Bladder cancer survival: What to expect

bladder cancer

Bladder cancer survival: What to expect

Surviving bladder cancer isn’t an easy journey, and the possibility of having the cancer return is one of the fears associated with many survivors. But this doesn’t mean that you should lose all hope. Having a somewhat normal life isn’t impossible. However, it is best to be armed with all the information in order to overcome this concern. This article will give insight into bladder cancer survival in Singapore and guide you to whom you need to turn to for help for prompt treatment and a better quality of life..

Bladder cancer

Before diving straight into the expected survival rates of bladder cancer, it is essential to be aware of some important facts about it. This commonly found cancer in Singapore originates in the cells (urothelial cells) lining the bladder. These cancers can arise in other organs of the urinary system, such as the ureters and the kidneys, but it is most commonly found in the bladder. Bladder cancer, although common, is usually treatable if an early diagnosis is made. Therefore, the importance of early detection cannot be overemphasised. Therein lies the importance of consulting a reliable specialist to check things out. Some bladder cancers also carry a risk of recurrence; therefore, prompt management is crucial.

Common causes and risk factors of bladder cancer

There is no exact cause for bladder cancer, but several factors may contribute to the condition. Some common causes are as follows:

  • Age: individuals older than 55 are more likely to develop this cancer.
  • Gender: it has been observed that bladder cancer is more prevalent in males than females.
  • Family history: individuals with a family member who has or has had bladder cancer are more at risk for developing this condition.
  • Previous bladder cancer: patients who have had the disease have a risk of recurrence.
  • Occupational exposure: frequent exposure to chemicals such as diesel exhaust and carcinogens may develop bladder cancer; air pollution is another key contributory factor.
  • Smoking: this is one of the major risk factors for bladder cancer in Singapore and can lead to four-fold increased risk of recurrence.
  • Medication and other substances: certain medications and herbal supplements are linked with the development of bladder cancer; another substance that has been linked to this cancer is the presence of arsenic in drinking water.

Other risk factors include race, ethnicity, chemotherapy, radiation therapy, and congenital bladder disabilities.

Bladder cancer survival

The diagnosis of bladder cancer is usually made by performing several essential tests, such as urinalysis, urine cytology, cystoscopy, and other imaging tests (e.g., CT scan and MRI). When the proper diagnosis is made, the treatment module is commenced depending on the patient’s health and fitness and several other important factors, such as the type and stage of cancer. The treatment regimen may include procedures such as surgery, chemotherapy, radiation therapy, immunotherapy, combination therapy, and sometimes targeted therapy. Just as staging is essential for the management of bladder cancer, the survival rate also depends on the stage of cancer. It goes without saying that early-stage cancer has a better prognosis (recovery chance) than late-stage cancers.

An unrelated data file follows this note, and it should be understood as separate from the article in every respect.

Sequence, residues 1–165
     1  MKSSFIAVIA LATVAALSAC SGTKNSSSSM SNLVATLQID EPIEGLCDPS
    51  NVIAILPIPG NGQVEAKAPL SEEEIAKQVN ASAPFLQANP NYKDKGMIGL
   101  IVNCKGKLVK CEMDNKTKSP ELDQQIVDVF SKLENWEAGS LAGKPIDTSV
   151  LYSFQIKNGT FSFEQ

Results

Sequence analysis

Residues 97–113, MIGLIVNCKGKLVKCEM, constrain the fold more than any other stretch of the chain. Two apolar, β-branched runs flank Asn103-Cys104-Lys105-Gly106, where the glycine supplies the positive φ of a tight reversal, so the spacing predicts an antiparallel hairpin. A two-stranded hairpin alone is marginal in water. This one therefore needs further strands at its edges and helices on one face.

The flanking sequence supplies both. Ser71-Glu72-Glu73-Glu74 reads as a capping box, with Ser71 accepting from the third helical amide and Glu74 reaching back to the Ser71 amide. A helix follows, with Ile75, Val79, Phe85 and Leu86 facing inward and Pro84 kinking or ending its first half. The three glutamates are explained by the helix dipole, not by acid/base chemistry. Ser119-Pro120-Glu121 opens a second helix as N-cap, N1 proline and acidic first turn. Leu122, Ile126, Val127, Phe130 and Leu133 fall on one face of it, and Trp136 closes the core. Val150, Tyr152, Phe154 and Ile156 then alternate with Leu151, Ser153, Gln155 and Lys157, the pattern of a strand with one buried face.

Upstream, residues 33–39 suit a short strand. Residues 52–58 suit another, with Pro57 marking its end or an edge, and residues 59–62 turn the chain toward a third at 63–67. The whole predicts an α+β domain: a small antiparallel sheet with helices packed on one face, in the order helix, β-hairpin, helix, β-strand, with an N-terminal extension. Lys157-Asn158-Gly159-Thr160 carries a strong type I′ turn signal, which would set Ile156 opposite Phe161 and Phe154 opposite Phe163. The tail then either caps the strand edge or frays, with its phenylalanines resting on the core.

Let’s take an in-depth look at the survival rates according to the stage:

In all honesty, the prognosis of bladder cancer is a well-calculated guess. This is because the outcome may vary depending on a number of factors, such as the location of the cancer as well as the response to the treatment and the choice of the treatment itself. Other already mentioned factors, such as the type, stage, and overall health of the patient, also play a significant role.

If the cancer is in stage 0 (carcinoma in situ), the 5-year survival rate is estimated to be above 95%. If the cancer is localised, the survival rate may fall to around 70%. A regionally affected cancer and bladder cancer that has metastasised (may spread to bones, lungs, and liver) may have survival rates of 38% and 6%, respectively. However, it must be noted these figures may vary depending on the speed of the cancer growth. In comparison to high-grade bladder cancer, low-grade cancers are less likely to invade the bladder wall and beyond.

Generally, the expected 5-year survival rate for a patient with bladder cancer is above 75%. At the same time, a 10-year survival rate for patients with this cancer is anticipated to be around 70%. On the other hand, a 65% survival rate is estimated for a patient with bladder cancer for 15 years.

Bladder cancer recurrence can also have a significant impact on this survival rate. But what is actually meant by recurrent cancer? Cancers that return after the initial treatment are denoted as recurrent cancers. The rates may differ depending on the site and stage of the tumour. A 5-year survival recurrence rate of approximately 65% can be expected from non-muscle invasive bladder cancers (NMIB), while an estimated 73% can be anticipated in more advanced stages. Usually, most NMIB cancers are not life-threatening, but if the tumour has spread, the prognosis may be poor.

Turn to the experts for guidance

Bladder cancer is not a disease that can be taken lightly. You need to enlist the help of experienced professionals. Who better to rely on than the leading specialists in Singapore? Advanced Urology comprises a highly qualified team of urologists who will ensure that you receive the best possible care. Their practice offers a number of services and quality equipment to effectively diagnose and manage your condition. Why suffer alone? Contact Advanced Urology and get all your concerns and worries resolved today.

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